9. What a cute post! Fun to hear Matt’s perspective. I also wonder when I’ll ever really feel like an “adult.” When I first started working after college (I was 21 or 22) and having coworkers that were like 26, 27, 28, I remember thinking that they seemed so old and put together. Well, here I am at 29, and I still feel clueless and very young. I always thought graduating and having a job would make me feel like an adult – nope. I guess maybe everyone feels this way — just figuring everything out as we go along!

  10. Very well written, honest, and insightful. As a 58 y/o mom of three 20-somethings who’ve all turned out to be good people, I want to reassure you that you can’t give your child every bit of attention s/he needs all the time. Not possible. BUT…you are not in it alone. Hilary Clinton said “it takes a village to raise a child”, and she was so right. Overindulgence fosters dependence, entitlement and neediness; unindulgence has it’s own set of huge neglectful problems. You guys will be great parents and find the right balance of loving attention while fostering resourcefulness and independence in your children that will bring them along into fine human beings. And you’ll do it a day at a time!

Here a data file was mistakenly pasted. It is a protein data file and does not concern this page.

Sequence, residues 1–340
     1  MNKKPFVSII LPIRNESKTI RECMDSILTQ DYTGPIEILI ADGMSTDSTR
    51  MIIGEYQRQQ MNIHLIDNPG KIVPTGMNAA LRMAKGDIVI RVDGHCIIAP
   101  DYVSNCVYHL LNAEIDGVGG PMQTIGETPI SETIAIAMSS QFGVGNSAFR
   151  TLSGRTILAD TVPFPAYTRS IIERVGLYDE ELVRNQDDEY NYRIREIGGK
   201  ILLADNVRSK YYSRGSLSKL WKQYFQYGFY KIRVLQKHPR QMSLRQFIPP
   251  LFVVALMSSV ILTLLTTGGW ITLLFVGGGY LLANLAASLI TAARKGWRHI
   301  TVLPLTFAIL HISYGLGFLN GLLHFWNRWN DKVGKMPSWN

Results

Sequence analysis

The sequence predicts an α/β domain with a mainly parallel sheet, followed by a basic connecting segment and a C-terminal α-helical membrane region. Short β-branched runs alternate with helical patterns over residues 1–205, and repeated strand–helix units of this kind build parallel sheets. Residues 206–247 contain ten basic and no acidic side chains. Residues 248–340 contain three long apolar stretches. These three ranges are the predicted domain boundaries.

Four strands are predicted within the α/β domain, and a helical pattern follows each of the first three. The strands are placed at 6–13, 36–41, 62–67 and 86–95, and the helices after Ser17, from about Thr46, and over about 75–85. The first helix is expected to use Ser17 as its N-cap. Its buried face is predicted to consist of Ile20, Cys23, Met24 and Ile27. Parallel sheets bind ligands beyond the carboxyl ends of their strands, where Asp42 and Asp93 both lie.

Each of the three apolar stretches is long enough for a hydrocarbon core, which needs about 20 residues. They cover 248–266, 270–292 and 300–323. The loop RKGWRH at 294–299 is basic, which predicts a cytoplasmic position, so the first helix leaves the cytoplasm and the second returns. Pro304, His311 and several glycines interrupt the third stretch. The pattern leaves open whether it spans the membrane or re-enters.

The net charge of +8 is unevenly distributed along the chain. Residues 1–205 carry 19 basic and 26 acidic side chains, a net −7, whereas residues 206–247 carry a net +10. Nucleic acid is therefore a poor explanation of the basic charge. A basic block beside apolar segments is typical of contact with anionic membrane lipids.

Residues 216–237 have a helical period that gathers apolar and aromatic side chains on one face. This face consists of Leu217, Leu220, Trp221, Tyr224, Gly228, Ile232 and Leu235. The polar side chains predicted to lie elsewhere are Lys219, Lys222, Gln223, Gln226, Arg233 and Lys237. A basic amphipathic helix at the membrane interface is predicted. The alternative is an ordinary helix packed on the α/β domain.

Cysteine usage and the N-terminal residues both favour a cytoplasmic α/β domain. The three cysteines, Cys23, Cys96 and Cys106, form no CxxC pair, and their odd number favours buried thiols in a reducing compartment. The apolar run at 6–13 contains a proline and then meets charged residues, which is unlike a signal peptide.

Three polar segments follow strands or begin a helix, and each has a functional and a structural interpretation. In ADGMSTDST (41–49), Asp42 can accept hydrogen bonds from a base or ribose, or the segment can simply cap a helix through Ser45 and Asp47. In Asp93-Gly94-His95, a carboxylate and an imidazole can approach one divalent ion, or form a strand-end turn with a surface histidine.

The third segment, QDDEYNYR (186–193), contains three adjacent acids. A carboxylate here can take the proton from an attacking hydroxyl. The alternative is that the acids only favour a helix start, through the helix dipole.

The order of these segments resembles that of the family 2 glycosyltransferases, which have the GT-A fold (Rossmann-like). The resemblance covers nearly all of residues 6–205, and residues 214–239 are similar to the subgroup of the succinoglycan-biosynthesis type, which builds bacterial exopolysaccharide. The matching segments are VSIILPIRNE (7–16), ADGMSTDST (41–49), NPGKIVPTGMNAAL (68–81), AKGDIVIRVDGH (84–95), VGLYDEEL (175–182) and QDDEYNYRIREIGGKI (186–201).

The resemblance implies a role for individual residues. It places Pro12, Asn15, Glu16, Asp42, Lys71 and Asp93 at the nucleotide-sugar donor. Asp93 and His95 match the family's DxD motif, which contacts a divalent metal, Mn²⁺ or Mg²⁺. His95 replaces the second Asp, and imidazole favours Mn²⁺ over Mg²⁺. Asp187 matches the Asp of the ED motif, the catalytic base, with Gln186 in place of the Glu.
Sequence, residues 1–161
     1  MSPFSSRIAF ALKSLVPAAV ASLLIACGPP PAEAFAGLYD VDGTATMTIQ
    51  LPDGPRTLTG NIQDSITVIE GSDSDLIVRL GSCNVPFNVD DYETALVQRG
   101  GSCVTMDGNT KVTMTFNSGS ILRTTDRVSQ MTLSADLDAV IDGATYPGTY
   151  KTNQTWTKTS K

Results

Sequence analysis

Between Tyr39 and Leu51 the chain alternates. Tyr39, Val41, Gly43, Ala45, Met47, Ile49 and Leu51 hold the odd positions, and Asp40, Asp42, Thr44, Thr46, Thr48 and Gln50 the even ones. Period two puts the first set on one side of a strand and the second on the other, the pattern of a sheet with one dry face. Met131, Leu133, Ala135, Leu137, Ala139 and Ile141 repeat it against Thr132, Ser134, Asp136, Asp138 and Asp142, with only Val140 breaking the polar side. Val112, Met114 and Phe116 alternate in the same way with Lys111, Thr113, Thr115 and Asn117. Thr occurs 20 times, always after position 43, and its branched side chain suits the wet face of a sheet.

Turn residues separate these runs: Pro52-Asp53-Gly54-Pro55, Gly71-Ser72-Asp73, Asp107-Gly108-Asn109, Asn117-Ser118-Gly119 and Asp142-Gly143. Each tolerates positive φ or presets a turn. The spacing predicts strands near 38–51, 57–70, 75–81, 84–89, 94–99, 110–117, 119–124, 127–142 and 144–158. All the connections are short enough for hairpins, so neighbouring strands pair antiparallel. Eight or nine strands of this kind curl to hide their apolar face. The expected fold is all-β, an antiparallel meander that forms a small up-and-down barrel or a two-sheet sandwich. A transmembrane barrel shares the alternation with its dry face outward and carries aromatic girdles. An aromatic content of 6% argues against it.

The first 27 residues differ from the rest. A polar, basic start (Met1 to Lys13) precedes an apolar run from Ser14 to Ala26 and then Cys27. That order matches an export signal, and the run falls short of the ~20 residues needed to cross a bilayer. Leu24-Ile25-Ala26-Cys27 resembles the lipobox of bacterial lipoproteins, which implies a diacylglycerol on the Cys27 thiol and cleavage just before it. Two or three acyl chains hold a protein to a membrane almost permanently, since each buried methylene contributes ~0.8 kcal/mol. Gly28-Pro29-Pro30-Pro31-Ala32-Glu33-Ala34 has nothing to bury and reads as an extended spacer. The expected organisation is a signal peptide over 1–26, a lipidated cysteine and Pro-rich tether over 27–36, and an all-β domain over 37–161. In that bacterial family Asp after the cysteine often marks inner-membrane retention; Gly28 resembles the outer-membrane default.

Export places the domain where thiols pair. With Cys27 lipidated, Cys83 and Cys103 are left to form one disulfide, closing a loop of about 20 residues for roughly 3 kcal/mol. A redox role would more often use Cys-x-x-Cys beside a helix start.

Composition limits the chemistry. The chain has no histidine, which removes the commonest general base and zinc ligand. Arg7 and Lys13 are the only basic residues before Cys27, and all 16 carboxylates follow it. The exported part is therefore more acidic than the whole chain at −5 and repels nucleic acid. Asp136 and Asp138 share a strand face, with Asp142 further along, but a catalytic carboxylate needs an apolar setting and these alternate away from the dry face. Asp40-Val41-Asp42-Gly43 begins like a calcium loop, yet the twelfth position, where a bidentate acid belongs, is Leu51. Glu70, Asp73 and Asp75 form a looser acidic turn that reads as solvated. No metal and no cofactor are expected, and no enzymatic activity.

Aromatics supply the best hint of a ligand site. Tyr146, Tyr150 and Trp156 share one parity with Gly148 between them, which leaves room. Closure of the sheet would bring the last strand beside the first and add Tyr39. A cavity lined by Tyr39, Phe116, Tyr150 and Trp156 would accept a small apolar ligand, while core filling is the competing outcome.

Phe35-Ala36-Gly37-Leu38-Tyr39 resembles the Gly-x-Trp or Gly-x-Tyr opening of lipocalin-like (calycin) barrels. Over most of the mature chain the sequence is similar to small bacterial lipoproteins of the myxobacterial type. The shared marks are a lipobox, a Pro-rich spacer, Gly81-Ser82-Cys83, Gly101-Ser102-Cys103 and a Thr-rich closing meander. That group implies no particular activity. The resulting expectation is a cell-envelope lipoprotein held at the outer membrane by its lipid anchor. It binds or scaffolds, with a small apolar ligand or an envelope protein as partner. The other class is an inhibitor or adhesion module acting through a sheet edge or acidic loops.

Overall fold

11. Nice thoughts, Matt. You guys will learn that it’s impossible/unreasonable to give a child every bit of your attention. It wouldn’t even be healthy. That little baby will be the center of your world, forever, but eventually they become part of the larger world around them, and it’s not a bad thing. Every family finds their own way.